Maybe, PROVIDED the local leaders are not religious bigots of one sort or another.
THAT would make things many times worse.

cuffleyburgers said...

Raedwald - I believe the point was made by Tim Worstall that the riot clause in the insurance only kicks in if the police actually charge somebody with the specific charge of riot, something which is apparently quite rare.

Your broader point though is dead right. The inevitable response from the plod will be more kit, more crackdowns etc. the correct response I believe was described by EU Referendum, and is to permit what would be effectively local militias or special constables, under the supervision of designated police officers, whose responsibility would be to defend local areas as happened spontaneously by the turks and kurds in one area.

The police need to be seen as a part of the community not as a paramilitary occupying force, unfortunately since the days of dixon of dock green and the sweeney they have been moving charly in the other direction.

Greg Tingey said...

Another quote from that dangerous left-wing paper, the DT.
From Andrew Gilligan (himself a mugging victim):
"Even on Monday, the victims of Tottenham, black and white, were already tired of outsiders blaming racism, police brutality, or cuts. (What were they rioting about in prosperous, suburban Enfield – rising season-ticket prices?) The real reason for the rioters’ behaviour is much simpler: because they can."

Please note that.

English Pensioner said...

And Londoners may be forgiven for asking when we have 32,000 officers on the payroll why only 6,000 could be mustered for duty.
I think that you are a little unfair here. As one who has worked shifts (as an engineer in the aviation industry), we needed five shifts of engineers and technicians to maintain 24/7 cover.
There are 168 hours a week, and most people these days expect to work a 35-40 hour week, and if you allow for 8 hour shifts plus half hour handover you don't have many man-hours left for contingencies with 5 shifts.
We always had the same moan from administrators "Why do you need five people to do one job" and my answer always was "because it's a mathematical fact of life".
Or do you expect longer hours from the police and for them to manage without any sleep - the very reason why the Specials, like my daughter, have had to be called in by the Met to allow the regular police to get some sleep and to provide some daytime cover as the "normal" crime continues as usual.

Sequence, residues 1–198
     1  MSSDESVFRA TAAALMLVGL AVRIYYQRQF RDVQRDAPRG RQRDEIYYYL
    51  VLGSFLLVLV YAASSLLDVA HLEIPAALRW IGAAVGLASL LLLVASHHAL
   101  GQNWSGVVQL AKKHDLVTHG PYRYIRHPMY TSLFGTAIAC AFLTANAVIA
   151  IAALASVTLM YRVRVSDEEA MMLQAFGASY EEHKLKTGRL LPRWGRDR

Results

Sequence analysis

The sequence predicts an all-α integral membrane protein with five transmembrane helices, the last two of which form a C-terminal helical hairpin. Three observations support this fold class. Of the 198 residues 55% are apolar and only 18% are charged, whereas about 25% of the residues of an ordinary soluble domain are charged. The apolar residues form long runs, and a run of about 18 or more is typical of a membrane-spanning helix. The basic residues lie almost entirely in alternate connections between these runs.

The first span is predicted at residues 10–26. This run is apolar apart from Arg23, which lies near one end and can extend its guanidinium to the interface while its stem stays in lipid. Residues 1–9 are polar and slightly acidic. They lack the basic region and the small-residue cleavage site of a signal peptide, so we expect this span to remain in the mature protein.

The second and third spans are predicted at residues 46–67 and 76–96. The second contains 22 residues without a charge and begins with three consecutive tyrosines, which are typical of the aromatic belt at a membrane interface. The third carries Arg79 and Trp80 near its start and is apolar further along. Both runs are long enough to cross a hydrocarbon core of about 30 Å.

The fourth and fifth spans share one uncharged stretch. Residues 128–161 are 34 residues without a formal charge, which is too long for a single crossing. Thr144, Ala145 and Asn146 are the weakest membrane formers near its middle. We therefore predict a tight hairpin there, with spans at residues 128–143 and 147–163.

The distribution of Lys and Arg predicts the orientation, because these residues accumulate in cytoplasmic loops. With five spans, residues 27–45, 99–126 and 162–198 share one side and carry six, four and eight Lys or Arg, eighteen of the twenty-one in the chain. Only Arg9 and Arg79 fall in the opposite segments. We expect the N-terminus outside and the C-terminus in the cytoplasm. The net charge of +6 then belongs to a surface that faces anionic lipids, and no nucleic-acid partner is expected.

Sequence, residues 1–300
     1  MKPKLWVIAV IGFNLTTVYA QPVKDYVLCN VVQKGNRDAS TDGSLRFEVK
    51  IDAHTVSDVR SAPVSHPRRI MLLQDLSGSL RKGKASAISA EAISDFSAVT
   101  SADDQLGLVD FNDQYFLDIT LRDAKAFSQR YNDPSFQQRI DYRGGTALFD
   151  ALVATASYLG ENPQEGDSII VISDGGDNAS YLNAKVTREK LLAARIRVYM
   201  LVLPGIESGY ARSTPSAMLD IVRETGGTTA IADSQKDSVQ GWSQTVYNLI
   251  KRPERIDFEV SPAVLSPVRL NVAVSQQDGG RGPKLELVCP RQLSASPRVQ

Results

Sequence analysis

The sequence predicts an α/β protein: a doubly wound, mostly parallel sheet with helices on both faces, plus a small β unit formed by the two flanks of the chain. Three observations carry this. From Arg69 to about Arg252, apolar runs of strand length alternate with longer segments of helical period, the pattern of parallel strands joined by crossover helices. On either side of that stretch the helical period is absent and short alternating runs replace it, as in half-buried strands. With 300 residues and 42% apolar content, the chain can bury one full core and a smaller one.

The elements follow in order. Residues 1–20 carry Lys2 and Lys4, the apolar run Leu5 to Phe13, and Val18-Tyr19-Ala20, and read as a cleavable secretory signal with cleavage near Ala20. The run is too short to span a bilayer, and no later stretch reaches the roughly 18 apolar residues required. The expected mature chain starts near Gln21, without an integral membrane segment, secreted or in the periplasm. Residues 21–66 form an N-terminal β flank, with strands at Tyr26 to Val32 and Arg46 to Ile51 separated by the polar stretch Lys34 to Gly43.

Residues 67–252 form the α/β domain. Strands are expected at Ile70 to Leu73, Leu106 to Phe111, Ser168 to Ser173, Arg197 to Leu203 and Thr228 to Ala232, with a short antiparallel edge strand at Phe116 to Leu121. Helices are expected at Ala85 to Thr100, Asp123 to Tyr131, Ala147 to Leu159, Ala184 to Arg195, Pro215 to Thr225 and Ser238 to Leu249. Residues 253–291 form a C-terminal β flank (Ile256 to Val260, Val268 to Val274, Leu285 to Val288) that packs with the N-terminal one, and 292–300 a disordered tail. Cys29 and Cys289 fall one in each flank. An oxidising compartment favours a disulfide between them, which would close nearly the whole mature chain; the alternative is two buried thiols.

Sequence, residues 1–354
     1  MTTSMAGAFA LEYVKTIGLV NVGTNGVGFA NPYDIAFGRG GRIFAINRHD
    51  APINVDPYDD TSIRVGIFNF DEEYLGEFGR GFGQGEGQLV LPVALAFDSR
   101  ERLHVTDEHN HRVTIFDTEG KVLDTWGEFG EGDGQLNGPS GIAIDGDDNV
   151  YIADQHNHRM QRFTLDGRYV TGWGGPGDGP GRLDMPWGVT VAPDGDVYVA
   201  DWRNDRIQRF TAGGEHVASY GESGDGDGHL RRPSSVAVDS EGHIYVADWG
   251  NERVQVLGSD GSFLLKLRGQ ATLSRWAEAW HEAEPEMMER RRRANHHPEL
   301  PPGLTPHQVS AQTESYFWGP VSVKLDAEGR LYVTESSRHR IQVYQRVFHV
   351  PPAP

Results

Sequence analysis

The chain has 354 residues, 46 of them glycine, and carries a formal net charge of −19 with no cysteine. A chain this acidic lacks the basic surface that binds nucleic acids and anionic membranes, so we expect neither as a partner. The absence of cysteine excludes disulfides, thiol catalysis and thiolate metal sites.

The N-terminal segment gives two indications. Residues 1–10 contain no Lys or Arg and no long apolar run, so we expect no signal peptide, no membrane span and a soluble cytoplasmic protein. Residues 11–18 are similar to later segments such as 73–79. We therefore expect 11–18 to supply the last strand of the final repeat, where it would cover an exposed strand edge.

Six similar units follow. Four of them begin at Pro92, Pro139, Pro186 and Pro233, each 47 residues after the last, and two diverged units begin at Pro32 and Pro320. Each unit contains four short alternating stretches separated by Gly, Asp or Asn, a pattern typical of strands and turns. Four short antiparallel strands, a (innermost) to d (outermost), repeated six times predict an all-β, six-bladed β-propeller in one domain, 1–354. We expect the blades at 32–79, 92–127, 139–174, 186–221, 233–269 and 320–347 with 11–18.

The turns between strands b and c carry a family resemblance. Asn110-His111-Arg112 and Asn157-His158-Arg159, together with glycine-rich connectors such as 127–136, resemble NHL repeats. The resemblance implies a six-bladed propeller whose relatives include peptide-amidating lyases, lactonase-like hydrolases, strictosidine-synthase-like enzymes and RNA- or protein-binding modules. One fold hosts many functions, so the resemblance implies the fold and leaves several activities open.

Edward Spalton said...

Greg,

Equality before the law for individuals is and already was built into British law before anyone invented "race relations". Slaves were set free the instant they landed on English soil long before the slave trade was abolished in the empire. The idea of special "group rights" for different "communities" , intruding into law is manufacturing inequality to the detriment of the native British whose government has not stood up for them at all.

A few years ago, a charity was set up in Derby to provide an old people's home for people of Caribbean origin. It wasn't really a charity because it would all rely on various sorts of public funding but its aim was to provide care by staff who were also of Caribbean origin. Now I didn't see anything wrong with that but it was also applying for extra funding from the council - essentially " 'cos they was black."

Can you imagine the fuss and probable legal consequences if someone tried to set up a charity for an English or British old people's home, staffed only by native white British on the same basis? I doubt whether the organisers would be able either to gain charitable status or to stay out of the criminal courts, let alone get extra funding from the council to whom I have to pay my tax.

We native fellows are at a grave disadvantage under the present race laws. (Just like today's whites in South Africa actually (as you thought to mention it) - but we are still the majority!)
It's time for our own Aboriginal Liberation struggle, I think.

Greg Tingey said...

Sorry. I still call racist.
Especially when the semi-disabled granny in Hackney, who set about rioters with her walking-stick is considered.
As featured in that well-known marxist publication, the Daily Telegraph.

"Long before"
Erm. Slavery in England, abolished 1807 [NOTE]
Trading also abolished.
Salvery in Empire abolished 1832/3

NOTE: Yes I am aware of the Lord Chief Justice' ruling of 1701, but there were, nonetheless slaves/indentured "servants" until 1807 - admittedly in very small numbers.

Edward Spalton said...

Successive governments have quite deliberately decreed that we are the ones to be subjected to demographic invasion and colonisation. They have put in place laws to make us feel guilty about it - even as our taxes fund large numbers of incomers in idleness.

They have created special " racially aggravated" offences to make us unequal before the law. So, if I were to punch someone on the nose and say "Take that, you bounder!" I might go to jail for 2 years for assault. But if I said "Take that you black/Paki (or whatever) bounder", it would become " racially aggravated assault" and I might get five years. In practice this concept is not invoked when (say) African youths attack Asians. It is directed at us.

Of course, our rulers do not live in or near "vibrant multicultural" areas. They only meet the charming Nigerian doctor, Pakistani accountant and Indian architect - as well, of course, as the obliging (and cheap) domestic help from immigrant communities.

It is the native majority against whom things are rigged. Rather like the situation in 1955 South Africa which you brought up - "Naught for thy comfort", as one author then expressed it.